Tools are great. By definition, they help us get things done faster and more efficiently. But if tools were enough to address every challenge, project success rates would be much higher. Joshua W. Frappier writes for PM Hut that high-quality communication and transparency are the real way to ensure team and project success, but achieving this quality is not as intuitive as it sounds.
Frappier believes that human pride is the boundary that separates us from golden communication. Pride allows us to think that we can take care of all our problems ourselves, and we do not need to ask questions, because that would reveal some fault in our understanding. This is bad. Instead, Frappier encourages us to ask out loud, answer out loud, work out loud, and live out loud.
You need to ask questions during meetings, because there is no such thing as a stupid question when the project is on the line. You also need to be willing to accept questions that come in the form of dissenting opinions. All scrutiny leads the way to better mutual understanding. But there is a difference between scrutinizing ideas and directly judging people for having those ideas. When you judge people, their questions, or their answers, you are putting them beneath you, which makes it that much harder to work effectively with them. Get rid of the judgements.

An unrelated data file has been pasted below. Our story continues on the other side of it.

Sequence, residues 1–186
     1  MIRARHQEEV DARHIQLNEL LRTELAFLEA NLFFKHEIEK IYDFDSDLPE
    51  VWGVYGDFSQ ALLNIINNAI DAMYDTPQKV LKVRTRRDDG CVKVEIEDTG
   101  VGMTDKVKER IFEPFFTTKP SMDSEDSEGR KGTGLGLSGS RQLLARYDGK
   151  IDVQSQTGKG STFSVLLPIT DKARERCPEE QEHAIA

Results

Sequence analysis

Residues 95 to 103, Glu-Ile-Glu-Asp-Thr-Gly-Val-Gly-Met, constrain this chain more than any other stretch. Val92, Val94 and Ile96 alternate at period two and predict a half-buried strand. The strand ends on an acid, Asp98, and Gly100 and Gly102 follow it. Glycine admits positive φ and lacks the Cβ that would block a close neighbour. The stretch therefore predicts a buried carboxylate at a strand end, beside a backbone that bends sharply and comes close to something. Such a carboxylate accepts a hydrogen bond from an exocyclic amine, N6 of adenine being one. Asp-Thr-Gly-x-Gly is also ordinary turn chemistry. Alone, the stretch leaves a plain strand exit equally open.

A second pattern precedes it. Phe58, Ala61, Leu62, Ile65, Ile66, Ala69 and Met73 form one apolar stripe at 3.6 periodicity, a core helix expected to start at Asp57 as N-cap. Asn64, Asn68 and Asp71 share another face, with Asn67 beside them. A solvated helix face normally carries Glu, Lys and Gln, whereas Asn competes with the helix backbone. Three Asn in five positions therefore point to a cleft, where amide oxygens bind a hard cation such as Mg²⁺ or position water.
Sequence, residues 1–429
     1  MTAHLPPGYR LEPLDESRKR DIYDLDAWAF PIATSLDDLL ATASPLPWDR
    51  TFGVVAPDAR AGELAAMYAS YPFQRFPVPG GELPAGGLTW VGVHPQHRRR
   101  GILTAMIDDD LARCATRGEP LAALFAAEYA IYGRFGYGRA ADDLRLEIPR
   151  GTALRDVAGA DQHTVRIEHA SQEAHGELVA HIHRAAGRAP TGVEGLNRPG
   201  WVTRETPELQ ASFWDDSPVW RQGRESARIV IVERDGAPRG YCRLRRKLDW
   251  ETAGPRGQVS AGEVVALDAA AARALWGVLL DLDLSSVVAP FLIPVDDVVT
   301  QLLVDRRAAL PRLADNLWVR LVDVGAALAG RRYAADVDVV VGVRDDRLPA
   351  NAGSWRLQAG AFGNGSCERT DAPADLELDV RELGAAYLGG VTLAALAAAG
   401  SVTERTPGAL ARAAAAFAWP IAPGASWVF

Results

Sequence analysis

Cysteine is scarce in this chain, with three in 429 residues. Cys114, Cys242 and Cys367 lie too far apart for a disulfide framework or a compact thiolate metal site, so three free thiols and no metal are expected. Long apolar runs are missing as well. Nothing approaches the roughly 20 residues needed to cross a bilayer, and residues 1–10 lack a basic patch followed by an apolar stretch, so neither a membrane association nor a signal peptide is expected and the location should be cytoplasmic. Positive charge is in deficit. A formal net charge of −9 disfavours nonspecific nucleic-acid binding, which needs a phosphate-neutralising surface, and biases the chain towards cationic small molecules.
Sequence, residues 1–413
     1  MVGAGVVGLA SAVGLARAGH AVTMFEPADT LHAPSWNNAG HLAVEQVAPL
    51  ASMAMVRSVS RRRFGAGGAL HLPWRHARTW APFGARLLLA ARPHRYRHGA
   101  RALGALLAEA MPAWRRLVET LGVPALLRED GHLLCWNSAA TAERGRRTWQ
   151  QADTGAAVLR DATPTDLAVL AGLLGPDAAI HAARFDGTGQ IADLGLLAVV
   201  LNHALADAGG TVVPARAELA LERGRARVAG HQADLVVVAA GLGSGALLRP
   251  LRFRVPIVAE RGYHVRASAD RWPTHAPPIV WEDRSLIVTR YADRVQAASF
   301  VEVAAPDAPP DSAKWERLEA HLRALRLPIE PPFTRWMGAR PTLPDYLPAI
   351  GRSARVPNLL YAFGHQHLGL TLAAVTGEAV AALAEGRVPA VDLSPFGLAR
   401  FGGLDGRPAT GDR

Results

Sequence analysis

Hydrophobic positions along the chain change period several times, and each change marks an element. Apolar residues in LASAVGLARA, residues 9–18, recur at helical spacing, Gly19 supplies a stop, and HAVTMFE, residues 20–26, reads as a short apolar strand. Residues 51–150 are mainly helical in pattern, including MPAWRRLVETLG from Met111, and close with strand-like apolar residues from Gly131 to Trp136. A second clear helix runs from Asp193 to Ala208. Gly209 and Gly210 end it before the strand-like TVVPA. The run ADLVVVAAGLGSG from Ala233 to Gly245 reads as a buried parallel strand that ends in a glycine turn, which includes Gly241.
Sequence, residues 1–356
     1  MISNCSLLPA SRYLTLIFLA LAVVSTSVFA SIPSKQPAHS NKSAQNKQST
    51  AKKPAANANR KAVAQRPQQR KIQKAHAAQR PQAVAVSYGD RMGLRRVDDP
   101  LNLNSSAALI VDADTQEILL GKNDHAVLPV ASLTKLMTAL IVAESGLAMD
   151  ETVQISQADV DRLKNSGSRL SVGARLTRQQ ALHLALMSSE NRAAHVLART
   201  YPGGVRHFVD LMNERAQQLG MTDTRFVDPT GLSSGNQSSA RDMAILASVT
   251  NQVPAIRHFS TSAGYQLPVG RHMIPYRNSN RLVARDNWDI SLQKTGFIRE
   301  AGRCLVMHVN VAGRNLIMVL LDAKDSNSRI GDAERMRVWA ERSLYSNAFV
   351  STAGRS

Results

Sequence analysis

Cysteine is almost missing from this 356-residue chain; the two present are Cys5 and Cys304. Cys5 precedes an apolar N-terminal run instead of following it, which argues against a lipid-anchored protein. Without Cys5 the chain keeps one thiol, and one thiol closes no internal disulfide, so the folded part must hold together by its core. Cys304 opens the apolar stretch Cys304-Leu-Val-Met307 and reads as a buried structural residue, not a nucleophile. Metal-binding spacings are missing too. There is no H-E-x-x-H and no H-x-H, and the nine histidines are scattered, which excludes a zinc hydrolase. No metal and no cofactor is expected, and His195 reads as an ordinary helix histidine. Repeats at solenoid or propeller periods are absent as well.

Working out loud meanwhile is about taking accountability. Frappier elaborates:
It’s not enough to be on a team, though. That does not imply accountability. Accountability by its nature goes beyond an attitude of “just ask” or “I’ll show you when I’m ready” because accountability is proactive and persistent. It grants permission to ask questions. It invites discussion. It covets feedback and opinion from team members. Not some of the time, or when it’s convenient for the sake of your pride — but all the time.
Lastly, living out loud is as simple as genuinely believing in the atmosphere of transparency that you try to create. When people are free to express opinions and share concerns, there is little room left for risks to grow. You can read the original post here: http://www.pmhut.com/living-out-loud-or-why-teams-fail